LAS VEGAS -- Cross-promotions are becoming an integral part of the video category in supermarkets. Chains are working more aggressively with the tie-in opportunities provided by the major studios with other products sold in the stores. But lead time and the communication of program information remain obstacles to the success of such promotions. In SN's third-annual video roundtable, held here last spring, retailers, video distributors and studio executives discussed the current state of video cross-promotions and how to make them better. "We are looking at as many cross-promotion tie-ins as we can that might boost the bottom line with sell-through titles that are coming out," said Clifford Feiock, video coordinator at Nash Finch Co., Minneapolis. "When you look at some of the groundbreaking promotions that are coming along, they provide some great opportunities for the supermarket," said Andrew Kairey, senior vice president of sales and marketing at MCA/Universal Home Video, Universal City, Calif. Other participants in the video roundtable were: Ron Eisenberg, president of ETD Entertainment Merchandising, Houston; Sandy French, video coordinator at Thrifty Food Stores, Burlington, Wash.; Bill Glaseman, video specialist at Bashas' Markets, Chandler, Ariz.; Bernard Herman, president of Star Video Entertainment, Jersey City, N.J.; David Ingram, president of Ingram Entertainment, La Vergne, Tenn.; Steve Jones, vice president of corporate marketing at Video Home Theater, Des Moines, Iowa; Dennis Maguire, vice president of sales at Buena Vista Home Video, Burbank, Calif., and Craig Van Gorp, vice president of sell-through sales at Turner Home Entertainment, Atlanta. Following are excerpts from the roundtable:
SN: What do you think about video cross-promotions?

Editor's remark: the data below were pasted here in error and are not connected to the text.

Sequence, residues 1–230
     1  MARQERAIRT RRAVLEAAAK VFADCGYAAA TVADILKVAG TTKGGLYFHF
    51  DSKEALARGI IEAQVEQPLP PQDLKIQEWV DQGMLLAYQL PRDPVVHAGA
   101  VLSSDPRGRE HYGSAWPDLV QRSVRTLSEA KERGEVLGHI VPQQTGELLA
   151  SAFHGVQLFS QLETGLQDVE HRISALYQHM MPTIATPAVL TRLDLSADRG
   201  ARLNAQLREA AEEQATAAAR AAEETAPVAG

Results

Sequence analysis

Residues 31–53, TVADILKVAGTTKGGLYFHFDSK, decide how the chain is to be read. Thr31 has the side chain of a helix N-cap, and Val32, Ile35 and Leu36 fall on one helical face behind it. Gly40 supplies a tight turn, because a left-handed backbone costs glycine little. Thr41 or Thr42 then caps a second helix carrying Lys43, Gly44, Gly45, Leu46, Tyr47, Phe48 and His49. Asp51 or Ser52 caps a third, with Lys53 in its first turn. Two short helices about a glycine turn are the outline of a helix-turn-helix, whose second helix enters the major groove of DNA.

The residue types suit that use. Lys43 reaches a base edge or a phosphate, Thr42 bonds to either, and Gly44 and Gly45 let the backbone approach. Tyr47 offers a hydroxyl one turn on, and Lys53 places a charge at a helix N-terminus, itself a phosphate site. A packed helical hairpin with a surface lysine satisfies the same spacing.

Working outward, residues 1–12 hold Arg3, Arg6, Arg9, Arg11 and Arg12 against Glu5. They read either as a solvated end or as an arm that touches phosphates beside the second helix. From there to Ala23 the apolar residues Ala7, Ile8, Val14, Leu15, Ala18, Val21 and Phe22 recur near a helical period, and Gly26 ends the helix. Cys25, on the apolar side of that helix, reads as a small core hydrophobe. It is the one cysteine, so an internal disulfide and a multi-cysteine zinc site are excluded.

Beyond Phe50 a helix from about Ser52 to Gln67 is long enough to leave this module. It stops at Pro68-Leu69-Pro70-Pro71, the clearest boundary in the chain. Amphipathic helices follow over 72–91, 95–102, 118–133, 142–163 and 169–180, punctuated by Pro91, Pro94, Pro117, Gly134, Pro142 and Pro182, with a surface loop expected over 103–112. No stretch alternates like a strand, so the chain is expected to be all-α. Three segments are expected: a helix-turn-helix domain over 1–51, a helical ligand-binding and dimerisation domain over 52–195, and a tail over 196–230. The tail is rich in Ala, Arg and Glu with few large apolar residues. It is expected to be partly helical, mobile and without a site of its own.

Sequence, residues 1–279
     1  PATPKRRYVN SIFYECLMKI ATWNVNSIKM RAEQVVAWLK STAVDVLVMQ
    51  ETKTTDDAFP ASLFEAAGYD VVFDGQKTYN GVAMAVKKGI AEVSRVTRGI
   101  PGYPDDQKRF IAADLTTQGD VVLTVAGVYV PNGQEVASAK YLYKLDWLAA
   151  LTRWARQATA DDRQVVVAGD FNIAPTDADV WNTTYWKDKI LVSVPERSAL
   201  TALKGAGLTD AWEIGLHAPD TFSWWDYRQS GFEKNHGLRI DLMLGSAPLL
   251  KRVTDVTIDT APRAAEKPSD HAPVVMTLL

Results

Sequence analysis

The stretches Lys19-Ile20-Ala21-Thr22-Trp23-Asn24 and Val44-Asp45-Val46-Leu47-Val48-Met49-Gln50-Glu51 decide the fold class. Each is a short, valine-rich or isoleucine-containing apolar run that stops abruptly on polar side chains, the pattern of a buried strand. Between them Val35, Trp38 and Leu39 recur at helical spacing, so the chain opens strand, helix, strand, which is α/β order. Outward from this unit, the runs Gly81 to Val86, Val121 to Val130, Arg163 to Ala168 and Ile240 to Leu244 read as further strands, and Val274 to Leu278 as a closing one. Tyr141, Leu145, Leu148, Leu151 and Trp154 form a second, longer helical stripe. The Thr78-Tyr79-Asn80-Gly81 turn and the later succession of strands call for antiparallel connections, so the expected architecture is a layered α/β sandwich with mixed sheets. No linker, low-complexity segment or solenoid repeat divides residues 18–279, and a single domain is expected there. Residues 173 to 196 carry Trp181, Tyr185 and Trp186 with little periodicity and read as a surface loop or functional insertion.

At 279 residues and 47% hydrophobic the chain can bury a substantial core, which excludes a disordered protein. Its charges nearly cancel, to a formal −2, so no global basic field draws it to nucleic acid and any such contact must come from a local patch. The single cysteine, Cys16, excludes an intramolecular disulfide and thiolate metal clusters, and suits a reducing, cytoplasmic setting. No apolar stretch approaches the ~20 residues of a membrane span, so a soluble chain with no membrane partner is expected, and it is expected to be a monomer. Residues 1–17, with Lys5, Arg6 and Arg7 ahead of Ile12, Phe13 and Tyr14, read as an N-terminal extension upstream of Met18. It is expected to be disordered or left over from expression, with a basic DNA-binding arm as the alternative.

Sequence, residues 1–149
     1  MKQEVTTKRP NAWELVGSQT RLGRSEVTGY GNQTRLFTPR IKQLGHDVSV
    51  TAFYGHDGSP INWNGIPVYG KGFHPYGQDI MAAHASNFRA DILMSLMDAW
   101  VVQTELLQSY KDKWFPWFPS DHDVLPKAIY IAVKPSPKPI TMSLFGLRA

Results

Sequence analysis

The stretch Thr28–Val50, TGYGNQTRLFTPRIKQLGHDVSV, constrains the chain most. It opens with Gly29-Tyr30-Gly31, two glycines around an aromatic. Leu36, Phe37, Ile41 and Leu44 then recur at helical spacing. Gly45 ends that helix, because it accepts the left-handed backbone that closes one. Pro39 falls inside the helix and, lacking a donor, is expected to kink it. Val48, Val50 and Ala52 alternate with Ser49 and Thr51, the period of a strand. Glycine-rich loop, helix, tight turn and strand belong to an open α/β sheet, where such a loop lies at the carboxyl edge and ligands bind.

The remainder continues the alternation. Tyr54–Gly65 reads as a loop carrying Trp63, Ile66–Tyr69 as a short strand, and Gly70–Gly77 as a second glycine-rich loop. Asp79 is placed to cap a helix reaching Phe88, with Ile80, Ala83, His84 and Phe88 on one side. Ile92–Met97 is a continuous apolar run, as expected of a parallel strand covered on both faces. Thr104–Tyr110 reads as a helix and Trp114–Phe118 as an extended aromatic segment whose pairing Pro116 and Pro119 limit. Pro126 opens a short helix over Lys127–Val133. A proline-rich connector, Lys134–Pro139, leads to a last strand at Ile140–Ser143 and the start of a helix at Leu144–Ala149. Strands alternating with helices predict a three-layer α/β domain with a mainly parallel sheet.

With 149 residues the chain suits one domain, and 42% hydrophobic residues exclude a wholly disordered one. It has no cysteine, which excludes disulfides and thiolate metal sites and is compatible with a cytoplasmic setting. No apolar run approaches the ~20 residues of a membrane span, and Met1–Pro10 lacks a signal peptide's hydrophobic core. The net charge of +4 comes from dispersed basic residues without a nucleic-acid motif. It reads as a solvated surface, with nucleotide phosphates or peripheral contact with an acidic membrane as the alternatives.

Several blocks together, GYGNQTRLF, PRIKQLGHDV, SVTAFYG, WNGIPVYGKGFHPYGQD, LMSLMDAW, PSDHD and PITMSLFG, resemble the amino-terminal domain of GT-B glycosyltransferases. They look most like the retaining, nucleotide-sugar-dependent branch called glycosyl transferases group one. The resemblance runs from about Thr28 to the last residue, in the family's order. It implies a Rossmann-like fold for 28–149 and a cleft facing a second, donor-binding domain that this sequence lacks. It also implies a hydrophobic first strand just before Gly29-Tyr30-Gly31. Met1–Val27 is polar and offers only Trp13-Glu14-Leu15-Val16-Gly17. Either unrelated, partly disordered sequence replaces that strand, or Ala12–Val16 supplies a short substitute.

FEIOCK: We are looking at as many cross-promotion tie-ins as we can that might boost the bottom line with the sell-through titles that are coming out. SN: Our research has found that supermarkets cross-promote an average of about four to five hit titles a year with related merchandise. What do you think of that number? FEIOCK: I think that it's pretty accurate. But with some of the tie-ins that we've seen so far, I would hope that there will be a much greater number in 1995. Pillsbury, for one, is doing an excellent job in our stores promoting not only their products, but the sale of the videos that they're tied with. I've got Pillsbury reps calling me and they're contacting stores selling videos for me. So I think that's just wonderful. If some of these other companies can learn from that and get their sales force active in promoting video, it's going to be a big plus for everybody. VAN GORP: A question I have is in regard to our title "Baseball: A Film By Ken Burns," which we did extremely well with, and the concept of continuity programs in grocery stores. We have some people that have done continuity programs with supermarkets, but are the people here interested in doing those? The "Baseball" series was ideal for this and we also had a cross-promotional partner in Little Debbie snack cakes. I'd like to get some feedback from the retailers. FEIOCK: For us, the big problem again is lead time. There's not enough time built in to do continuities. We have changed our emphasis on these. We're looking at 12 monthly promotions where the continuity would be based on having a specific title for a week at a time, or something like that. So it's really hard for us to tailor that type of program. Our continuities are set now through and into 1996. KAIREY: Does that continuity program involve third-party promotion? FEIOCK: Yes, it does. So it's really tough to get that coordinated. Another example on the problem of lead time was on "Timmy the Tooth." We did do sell-through in our stores on that title because we got no information literally until prebook date. We had no information to send out to our stores, no ad slicks, no pricing information -- even the distributors didn't know anything about it, as far as I could tell. So that was a title we missed completely. FRENCH: A lot of times I don't get the information until it's too late. INGRAM: We had a lot of information on "Timmy the Tooth." FEIOCK: I wasn't able to get any. FRENCH: I would like to see a little bit more organization with the cross-merchandising, even getting the information early enough so I can organize it. INGRAM: Going back to continuity programs, we've had some customers that have done them. One of the reasons they did them -- and they were very popular -- is at the time, you didn't have as many sell-through titles coming out that kept the excitement of video going week after week after week. That environment lent itself more toward continuities. Now everybody's trying to put everything out that they can on sell-through. There are so many more opportunities. As Sandy mentioned, there's a time constraint. That may be why you haven't seen "Baseball" done the way "Civil War" was. SN: What other opportunities are there in video cross promotions? KAIREY: There's a tremendous opportunity in auxiliary markets in the supermarket environment for the major titles, both during their theatrical release and during their second life on video. That opportunity is the merchandising and licensing opportunities that exist with these products. Some distributors capitalize on these programs more than others. For example, for the release of "Casper," there's a tremendous amount of merchandising and licensing happening on the property. That is a great opportunity for supermarkets to take family-oriented product and merchandising it for additional revenue. You're seeing more and more supermarkets beginning to step into this arena. It's a pretty significant part of the business. SN: What do the retailers here think? GLASEMAN: We put in licensed products for titles like "The Lion King" and "Jurassic Park," but I really can't tell you what the numbers are because it's handled by another department. VAN GORP: I think you'll see a lot more coordination. We're doing it now when we release big titles. What it gets down to is communication between the studio and the community out there as far as what has been put together. Licensed products are something that can make a retail department more exciting. They allow you to cross-promote with other titles and to offer these products as part of a presell campaign with a sell-through offer, or with a rental.